World Behind Vines

Ties Between United Nations (FAO) and GreenThumb

The first ever food garden on international territory marked its first year on July 24 at the United Nations headquarters in New York. The UN Food Garden is an initiative of a small group of UN staff who partnered with local volunteers from the NYC Parks’ GreenThumb Program to transform unused land at the United Nations Headquarters complex into food gardens.Screen Shot 2016-08-10 at 1.23.51 PM

The garden encompasses close to 200 square feet of growing space. Ten beautifully designed metal raised beds are packed with a variety of vegetables and fruits from around the world. These foods range from chickpeas, lentils legumes, to Korean chives and Indonesian peppers. The food is used by UN employees or donated to organizations such as UNICEF.

Catherine Zanev, associate expert for climate change in the UN’s Chief Executives Board for Coordination and along with five-to-10 other members in the UN Garden Club team, volunteer their time to plant. “It’s just nice to be able to come out here and take a break from your long day at the computer and get your hands dirty,” says Zanev.

Last year, the United Nation’s Food and Agriculture Organization (FAO), recognized NYC Parks’ GreenThumb program for its goal for a greener and better future by taking a large step to support community gardens.

The Food and Agriculture Organization is a United Nations agency that leads international efforts to defeat hunger.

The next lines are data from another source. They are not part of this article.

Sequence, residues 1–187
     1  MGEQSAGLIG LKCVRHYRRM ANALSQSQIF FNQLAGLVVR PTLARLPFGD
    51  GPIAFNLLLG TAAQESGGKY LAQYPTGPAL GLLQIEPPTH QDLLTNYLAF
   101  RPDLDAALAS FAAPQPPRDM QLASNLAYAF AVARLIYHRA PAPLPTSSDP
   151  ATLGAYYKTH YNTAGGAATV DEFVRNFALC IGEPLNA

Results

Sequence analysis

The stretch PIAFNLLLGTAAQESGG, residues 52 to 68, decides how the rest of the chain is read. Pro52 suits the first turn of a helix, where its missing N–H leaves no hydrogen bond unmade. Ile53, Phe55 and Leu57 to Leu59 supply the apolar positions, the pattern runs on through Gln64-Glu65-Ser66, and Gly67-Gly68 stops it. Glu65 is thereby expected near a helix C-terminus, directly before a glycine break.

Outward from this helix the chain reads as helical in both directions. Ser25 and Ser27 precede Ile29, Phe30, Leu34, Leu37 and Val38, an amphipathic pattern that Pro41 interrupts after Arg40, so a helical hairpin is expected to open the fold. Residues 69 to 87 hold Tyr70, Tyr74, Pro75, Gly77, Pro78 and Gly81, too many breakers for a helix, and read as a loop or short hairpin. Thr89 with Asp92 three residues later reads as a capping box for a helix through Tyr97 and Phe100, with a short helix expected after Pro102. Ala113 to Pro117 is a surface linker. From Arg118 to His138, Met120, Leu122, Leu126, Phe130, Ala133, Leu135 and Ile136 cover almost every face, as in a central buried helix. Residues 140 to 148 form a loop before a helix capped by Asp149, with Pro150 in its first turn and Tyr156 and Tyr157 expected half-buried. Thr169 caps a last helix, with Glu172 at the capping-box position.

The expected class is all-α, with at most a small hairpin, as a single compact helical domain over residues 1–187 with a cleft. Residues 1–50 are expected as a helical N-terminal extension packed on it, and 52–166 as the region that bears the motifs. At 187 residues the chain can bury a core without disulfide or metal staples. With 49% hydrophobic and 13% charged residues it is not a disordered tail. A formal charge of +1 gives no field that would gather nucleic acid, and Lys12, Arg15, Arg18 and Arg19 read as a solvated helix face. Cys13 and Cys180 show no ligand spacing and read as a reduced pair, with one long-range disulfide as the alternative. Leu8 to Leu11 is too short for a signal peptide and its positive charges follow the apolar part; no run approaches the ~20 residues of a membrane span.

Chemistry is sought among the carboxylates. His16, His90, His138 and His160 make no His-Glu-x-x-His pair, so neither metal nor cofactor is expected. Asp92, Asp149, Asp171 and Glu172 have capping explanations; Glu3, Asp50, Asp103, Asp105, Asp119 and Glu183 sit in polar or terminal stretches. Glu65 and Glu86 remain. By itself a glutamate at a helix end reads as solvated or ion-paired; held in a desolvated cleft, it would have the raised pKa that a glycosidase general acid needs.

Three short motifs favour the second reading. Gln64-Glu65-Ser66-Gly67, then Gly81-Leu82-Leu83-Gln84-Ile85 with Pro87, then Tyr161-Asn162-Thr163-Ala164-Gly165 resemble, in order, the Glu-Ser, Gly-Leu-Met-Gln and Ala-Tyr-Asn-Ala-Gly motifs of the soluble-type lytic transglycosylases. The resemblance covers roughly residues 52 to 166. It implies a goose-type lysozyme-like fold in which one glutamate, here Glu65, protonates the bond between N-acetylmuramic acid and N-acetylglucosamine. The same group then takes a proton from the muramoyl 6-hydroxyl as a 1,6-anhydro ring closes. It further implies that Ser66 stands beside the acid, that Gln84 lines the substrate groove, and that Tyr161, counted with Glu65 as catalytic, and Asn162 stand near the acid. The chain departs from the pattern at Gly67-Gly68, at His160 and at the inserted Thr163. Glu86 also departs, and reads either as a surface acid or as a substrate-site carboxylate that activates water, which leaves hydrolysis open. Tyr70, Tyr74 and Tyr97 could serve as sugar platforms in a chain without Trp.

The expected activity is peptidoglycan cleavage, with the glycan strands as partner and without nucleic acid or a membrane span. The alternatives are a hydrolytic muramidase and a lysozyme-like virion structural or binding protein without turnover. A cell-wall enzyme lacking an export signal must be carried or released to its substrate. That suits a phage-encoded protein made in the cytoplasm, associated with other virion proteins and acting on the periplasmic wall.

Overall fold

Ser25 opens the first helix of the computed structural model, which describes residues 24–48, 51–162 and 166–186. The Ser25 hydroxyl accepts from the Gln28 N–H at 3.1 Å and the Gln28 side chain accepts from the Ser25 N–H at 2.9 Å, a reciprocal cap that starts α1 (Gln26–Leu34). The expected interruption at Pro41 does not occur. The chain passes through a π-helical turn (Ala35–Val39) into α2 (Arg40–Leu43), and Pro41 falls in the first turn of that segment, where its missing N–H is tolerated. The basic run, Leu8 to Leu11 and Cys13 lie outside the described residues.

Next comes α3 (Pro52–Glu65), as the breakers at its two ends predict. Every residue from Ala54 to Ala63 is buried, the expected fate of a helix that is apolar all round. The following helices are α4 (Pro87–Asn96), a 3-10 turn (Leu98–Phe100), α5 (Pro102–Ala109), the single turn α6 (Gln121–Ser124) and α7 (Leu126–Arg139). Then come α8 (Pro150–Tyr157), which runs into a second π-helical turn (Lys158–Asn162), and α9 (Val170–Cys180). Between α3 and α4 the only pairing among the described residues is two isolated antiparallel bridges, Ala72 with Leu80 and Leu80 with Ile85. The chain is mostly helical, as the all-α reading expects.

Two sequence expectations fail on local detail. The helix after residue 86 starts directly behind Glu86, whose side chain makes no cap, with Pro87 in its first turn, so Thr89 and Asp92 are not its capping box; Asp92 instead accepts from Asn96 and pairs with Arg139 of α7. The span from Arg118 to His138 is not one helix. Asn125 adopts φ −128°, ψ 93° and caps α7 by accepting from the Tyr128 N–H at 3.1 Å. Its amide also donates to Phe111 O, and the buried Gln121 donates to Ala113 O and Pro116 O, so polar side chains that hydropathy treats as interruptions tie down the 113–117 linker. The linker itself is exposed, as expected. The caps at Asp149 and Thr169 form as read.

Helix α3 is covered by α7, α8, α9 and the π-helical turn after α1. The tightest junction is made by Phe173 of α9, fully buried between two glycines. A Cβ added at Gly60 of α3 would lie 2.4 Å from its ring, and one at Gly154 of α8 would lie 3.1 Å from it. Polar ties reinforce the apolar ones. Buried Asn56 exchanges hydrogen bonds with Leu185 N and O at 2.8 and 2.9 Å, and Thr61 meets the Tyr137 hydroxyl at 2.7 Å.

One of previous Mayor Michael Bloomberg’s signature accomplishments, was the implementation of the city’s first sustainability plan: PlaNYC 2030. Current mayor Bill de Blasio added One NYC, which revives Bloomberg’s plans and give them more depth. These plans involve, “reducing greenhouse gas to have the cleanest air of any U.S. city and  sending zero waste to landfills by 2030 in the famous city.” One step towards these goals are community gardens.

The United Nations FAO and New York City’s 2030 plans creates an opportunity to work together to support the same communities by solving two problems at once: Food scarcity and global warming.

Community gardens encourage an urban agriculture so hungry citizens can easily obtain nutritious food. They also encourage the growth of the urban farming sector in neighborhoods with necessary infrastructure.

Under One NYC, a collaboration between NYC Parks’ GreenThumb program and the Youth Leadership Council pushes for youth to volunteer and learn at 11 community gardens throughout the boroughs.

The FAO recognized the importance of community gardens which led interns from the FAO to interview sScreen Shot 2016-08-10 at 1.24.05 PMome of the youthful volunteers this month and place their inspiring words on plaques into the United Nation’s new food garden. 

Liam Kavanagh, the Parks & Recreation Department’s first deputy commissioner spoke out during the “Why Food Matters” conference at the UN food garden a few weeks ago and stated, “With abandonments all over New York City, individuals and communities took it upon themselves to reclaim those spaces and turn them back into vital community resources… to recognize that there are people in the city who are food insecure. We as New Yorkers can help bridge those gaps… community gardens are apart of it.”

About Huiqi Pan


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